Join Chris Orwig for an in-depth discussion in this video Working with window light, part of Wedding Photography: Bridal Portraits.
(SOUND). Then, I'll trade spots with you, I'll have you stand over here, and I'll stand in the doorway. One of the great ways that you can capture compelling bridal portraits is by using window or door light. You know, window light and door light has been used for centuries. It's been used by photographers and before that, by painters. And the reason is, is because it has a really distinct, soft and flattering look. And so here, at this particular shoot, we started in a location where the bride had gotten ready.
And when I scouted the location beforehand, I noticed some beautiful windows and doors and knew that I wanted to take advantage of those. And as you do that, you really want to think about the quality of the window light. Sometimes, you have window light which is non-directional. In other words, the sun isn't shining right into the window. In those situations, you can really work with that. You can position the bride so that they're facing the window, so that the light is sort of coming from the front or you can have them off to the side, so the light's coming from one side.
You can also capture some other images. Like in this particular case, I asked the bride to sit down with her back to the window, so that it's back-lighting her. At one moment, I notice that the light was too harsh, it was too directional, so I asked my assistant, Shawn, to go outside and diffuse that. And this was the one time on this shoot that I modified the light, I just wanted to sort of soften that. So, I used a little diffusion panel to do that. Now, if you don't have a diffusion panel, you can also do something like use a piece of cardboard just to block the light, so it's not quite so harsh or directional.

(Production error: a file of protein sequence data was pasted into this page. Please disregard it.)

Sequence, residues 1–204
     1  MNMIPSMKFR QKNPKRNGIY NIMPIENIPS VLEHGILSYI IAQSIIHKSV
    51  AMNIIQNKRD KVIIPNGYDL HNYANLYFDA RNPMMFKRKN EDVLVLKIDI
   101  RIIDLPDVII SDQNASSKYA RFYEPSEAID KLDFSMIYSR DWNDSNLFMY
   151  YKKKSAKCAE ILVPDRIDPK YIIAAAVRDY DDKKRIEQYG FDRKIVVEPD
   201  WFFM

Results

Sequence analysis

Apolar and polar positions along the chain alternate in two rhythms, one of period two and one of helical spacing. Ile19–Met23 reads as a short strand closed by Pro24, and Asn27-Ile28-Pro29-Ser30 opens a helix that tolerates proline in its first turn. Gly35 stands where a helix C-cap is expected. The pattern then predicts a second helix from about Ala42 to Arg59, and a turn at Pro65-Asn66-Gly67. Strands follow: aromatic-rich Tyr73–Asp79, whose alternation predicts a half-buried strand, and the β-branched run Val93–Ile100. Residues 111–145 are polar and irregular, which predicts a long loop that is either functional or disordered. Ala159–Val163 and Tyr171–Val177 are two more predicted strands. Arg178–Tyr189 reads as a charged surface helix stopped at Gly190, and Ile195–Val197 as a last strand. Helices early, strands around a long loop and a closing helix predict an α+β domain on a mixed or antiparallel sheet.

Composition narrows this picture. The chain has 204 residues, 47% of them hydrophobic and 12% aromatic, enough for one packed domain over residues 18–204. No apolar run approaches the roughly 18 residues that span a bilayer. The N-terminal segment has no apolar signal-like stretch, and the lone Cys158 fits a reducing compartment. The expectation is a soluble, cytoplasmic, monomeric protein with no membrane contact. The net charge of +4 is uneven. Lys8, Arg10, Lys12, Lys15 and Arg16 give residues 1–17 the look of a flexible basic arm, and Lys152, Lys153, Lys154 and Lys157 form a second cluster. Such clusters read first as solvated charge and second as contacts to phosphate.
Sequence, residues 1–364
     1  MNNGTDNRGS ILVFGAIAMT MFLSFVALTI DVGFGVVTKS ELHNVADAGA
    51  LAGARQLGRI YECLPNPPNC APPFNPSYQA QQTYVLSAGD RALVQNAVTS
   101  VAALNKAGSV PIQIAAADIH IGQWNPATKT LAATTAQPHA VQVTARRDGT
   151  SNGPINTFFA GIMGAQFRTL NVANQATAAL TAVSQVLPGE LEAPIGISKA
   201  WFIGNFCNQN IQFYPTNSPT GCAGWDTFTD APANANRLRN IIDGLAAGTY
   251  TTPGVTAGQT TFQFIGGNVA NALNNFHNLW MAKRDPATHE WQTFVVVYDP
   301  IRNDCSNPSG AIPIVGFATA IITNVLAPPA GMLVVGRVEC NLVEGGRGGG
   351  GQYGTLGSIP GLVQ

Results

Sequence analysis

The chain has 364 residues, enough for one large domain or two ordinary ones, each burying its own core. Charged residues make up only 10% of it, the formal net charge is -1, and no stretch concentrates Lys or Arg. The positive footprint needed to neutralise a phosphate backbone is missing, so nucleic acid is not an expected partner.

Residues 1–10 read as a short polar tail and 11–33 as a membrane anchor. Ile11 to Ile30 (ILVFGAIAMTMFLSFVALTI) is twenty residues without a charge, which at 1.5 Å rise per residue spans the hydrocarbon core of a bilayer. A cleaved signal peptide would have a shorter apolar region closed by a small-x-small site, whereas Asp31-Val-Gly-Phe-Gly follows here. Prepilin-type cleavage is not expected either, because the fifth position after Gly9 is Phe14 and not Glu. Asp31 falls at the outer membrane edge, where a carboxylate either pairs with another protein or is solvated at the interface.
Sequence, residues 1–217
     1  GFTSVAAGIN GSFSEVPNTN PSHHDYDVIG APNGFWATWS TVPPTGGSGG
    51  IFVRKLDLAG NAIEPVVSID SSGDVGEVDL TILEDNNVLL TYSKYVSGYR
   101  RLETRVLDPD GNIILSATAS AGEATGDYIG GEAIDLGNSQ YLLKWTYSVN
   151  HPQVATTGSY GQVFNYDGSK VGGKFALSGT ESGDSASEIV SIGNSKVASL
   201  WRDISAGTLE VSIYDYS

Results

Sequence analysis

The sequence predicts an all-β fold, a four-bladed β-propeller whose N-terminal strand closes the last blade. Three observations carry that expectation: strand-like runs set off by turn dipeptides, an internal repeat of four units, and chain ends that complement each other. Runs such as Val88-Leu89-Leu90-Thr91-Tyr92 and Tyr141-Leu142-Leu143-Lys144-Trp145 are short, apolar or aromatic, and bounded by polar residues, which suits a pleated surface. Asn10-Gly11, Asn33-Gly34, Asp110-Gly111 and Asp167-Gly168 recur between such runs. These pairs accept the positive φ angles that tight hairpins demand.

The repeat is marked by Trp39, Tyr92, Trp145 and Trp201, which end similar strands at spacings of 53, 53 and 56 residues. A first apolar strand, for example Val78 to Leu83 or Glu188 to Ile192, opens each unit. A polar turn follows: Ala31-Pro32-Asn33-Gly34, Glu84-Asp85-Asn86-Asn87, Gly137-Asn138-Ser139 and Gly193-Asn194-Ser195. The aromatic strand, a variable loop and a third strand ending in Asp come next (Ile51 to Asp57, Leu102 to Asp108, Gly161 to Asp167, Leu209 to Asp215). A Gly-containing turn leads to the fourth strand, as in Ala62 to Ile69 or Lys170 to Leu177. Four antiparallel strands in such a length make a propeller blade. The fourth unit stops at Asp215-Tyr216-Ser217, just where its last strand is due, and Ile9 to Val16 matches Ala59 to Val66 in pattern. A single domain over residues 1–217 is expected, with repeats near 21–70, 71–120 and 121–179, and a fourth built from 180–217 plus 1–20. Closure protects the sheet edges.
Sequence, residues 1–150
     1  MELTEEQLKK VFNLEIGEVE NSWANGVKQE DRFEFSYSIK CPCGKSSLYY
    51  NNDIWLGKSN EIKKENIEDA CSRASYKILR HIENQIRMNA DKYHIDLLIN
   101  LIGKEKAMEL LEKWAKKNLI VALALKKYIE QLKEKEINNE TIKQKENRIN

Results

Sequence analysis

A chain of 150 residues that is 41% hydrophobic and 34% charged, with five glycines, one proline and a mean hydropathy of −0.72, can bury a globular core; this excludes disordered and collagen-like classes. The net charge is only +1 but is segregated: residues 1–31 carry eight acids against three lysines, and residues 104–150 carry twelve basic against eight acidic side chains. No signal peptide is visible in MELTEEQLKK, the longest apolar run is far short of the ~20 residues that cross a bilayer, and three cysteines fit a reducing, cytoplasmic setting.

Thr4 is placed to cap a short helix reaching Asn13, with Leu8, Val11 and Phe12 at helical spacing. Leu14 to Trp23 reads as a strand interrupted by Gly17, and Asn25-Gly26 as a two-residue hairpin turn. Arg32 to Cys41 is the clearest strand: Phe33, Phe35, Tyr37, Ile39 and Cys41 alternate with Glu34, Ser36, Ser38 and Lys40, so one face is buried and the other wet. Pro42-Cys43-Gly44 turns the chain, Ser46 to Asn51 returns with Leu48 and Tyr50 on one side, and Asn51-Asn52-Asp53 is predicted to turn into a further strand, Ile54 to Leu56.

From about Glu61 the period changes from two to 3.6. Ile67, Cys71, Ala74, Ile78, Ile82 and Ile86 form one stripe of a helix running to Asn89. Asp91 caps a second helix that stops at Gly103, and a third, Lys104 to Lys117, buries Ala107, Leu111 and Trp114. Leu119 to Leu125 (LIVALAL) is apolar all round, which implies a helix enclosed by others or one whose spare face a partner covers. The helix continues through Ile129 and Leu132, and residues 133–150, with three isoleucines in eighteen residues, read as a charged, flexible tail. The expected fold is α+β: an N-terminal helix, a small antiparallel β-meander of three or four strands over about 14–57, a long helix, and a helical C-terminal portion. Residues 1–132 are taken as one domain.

Now, what about working with door light? Well, in a sense, a door is just like a window, but often, it's bigger. And when you have a bigger light source, like a door, you can usually step back a little bit and perhaps capture more of the subject, because you can include more of that light coming in. And with this type of light again, you can position the bride in different ways. Leaning against the door, so she's back lit or in other ways as well. So, as you seek to create compelling and really interesting bridal portraits, pay attention to those doors and windows. And pay attention to the light that's coming through those. Because one of the things that I have found is when I'm photographing a bride in all sorts of different scenarios, even if the location isn't scenic and beautiful, if you have a window, you can make beautiful photographs.
- Crafting a vision with the bride
- Choosing gear
- Scouting the location
- Photographing details
- Working with window light and open shade
- Refining the subject's poses, posture, and poise
- Knowing when to make eye contact
- Reviewing images from the shoot